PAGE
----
N.J. regulators clear path for 1,100 MW offshore wind RFP

The New Jersey Board of Public Utilities on Sept. 17 approved an order authorizing the largest solicitation to date by a single state for offshore wind projects.

The solicitation for as much as 1,100 megawatts of offshore wind capacity is the first step toward meeting the state’s goal of having 3,500 MW of offshore wind in operation by 2030.

In May, New Jersey Gov. Phil Murphy signed a bill, A 3723, that codified the state’s offshore wind target and reinstated the state’s expired program to provide tax credits for offshore wind manufacturing activities.

The bill also established a renewable portfolio standard requiring that 50% of the energy sold in the state come from renewable sources by 2030 and set an energy storage target of 2,000 MW by 2030.

Murphy also signed an executive order directing the development of an updated Energy Master Plan for the state to achieve 100% clean energy by 2050.

The Board of Public Utilities’ order opens the window for offshore wind project applications on Sept. 20. The window closes on Dec. 28, and the board intends to act on the applications by July 1, 2019, in order to provide sufficient time for developers to qualify for federal investment tax credits that expire at the end of next year.

“The opening of the 1,100 MW window, coupled with the Governor’s announcement for the deployment schedule for the full 3,500 MW solicitation, provides unparalleled certainty and incentive for developers and manufacturers to anchor a supply chain right here in New Jersey that can serve the entire eastern seaboard,” Joseph Fiordaliso, president of the Board of Public Utilities, said in a statement.

Murphy recently called on the Board to open two additional 1,200 MW solicitations for offshore wind capacity, one in 2020 and another in 2022.

New York also pursuing offshore wind

New Jersey’s neighboring state New York is also pursuing offshore wind opportunities.

A memorandum of understanding was recently signed by New York power agencies and partners to conduct a study of successful offshore wind transmission models, with a specific focus on large-scale European projects.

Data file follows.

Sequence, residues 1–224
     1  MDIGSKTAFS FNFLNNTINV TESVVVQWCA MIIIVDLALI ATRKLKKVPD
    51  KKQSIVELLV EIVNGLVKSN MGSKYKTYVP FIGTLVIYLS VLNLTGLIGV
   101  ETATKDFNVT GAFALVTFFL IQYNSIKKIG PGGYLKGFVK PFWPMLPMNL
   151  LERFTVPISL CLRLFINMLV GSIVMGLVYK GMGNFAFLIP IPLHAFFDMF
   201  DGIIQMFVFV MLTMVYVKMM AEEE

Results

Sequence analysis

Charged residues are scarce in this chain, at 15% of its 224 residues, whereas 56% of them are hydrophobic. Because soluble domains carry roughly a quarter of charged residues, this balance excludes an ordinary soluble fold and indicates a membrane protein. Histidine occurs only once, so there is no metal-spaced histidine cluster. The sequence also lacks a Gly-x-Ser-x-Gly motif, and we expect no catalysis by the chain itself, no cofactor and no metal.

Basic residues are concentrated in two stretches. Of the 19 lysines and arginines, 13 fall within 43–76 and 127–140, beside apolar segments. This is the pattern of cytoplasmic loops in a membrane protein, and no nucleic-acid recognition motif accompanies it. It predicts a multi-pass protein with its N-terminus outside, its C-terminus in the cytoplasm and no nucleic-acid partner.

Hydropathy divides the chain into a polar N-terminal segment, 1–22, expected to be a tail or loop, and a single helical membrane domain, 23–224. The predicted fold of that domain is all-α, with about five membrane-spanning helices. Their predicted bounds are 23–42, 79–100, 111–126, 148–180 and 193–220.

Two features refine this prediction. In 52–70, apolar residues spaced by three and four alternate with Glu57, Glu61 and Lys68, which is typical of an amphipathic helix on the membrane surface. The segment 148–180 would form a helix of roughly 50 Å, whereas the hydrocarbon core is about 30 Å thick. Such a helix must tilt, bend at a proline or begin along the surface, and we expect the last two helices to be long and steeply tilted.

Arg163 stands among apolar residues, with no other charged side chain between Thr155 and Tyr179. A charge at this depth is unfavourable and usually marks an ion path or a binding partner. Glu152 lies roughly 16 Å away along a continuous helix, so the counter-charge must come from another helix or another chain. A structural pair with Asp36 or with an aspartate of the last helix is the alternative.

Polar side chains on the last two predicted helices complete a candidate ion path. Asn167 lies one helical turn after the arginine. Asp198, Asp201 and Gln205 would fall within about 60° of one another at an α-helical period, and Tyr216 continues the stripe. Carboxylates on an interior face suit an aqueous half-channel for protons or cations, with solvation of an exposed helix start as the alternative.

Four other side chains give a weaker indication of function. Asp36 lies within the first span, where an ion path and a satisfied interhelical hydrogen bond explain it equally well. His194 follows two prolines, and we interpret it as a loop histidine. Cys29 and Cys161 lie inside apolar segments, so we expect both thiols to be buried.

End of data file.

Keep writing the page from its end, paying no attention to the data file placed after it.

The New York Power Authority will lead the study and a number of parties including the Long Island Power Authority will collaborate with NYPA on the initial phase of the research.

Meanwhile, the New York State Energy Research and Development Authority will launch a solicitation in the fourth quarter for 800 megawatts of offshore wind to jump start a major offshore initiative under an order issued by the New York Public Service Commission in July.

New York Gov. Andrew Cuomo on Jan. 29 released a comprehensive New York State offshore wind master plan that sets forth the state’s strategy for meeting its goal of having 2,400 MW of offshore wind energy generation by 2030. The master plan was prepared by NYSERDA in coordination with several entities including two public power utilities – LIPA and NYPA.

In January 2017, LIPA's Board of Trustees voted to approve the first offshore wind farm in New York. The LIPA board approved the South Fork Wind Farm, a 90-MW development that is 30 miles southeast of Montauk.

Massachusetts, Rhode Island

In May, Massachusetts and Rhode Island utilities announced winning bidders for 800-MW and 400-MW, respectively, and in June Connecticut agencies agreed to buy 200 MW of offshore wind.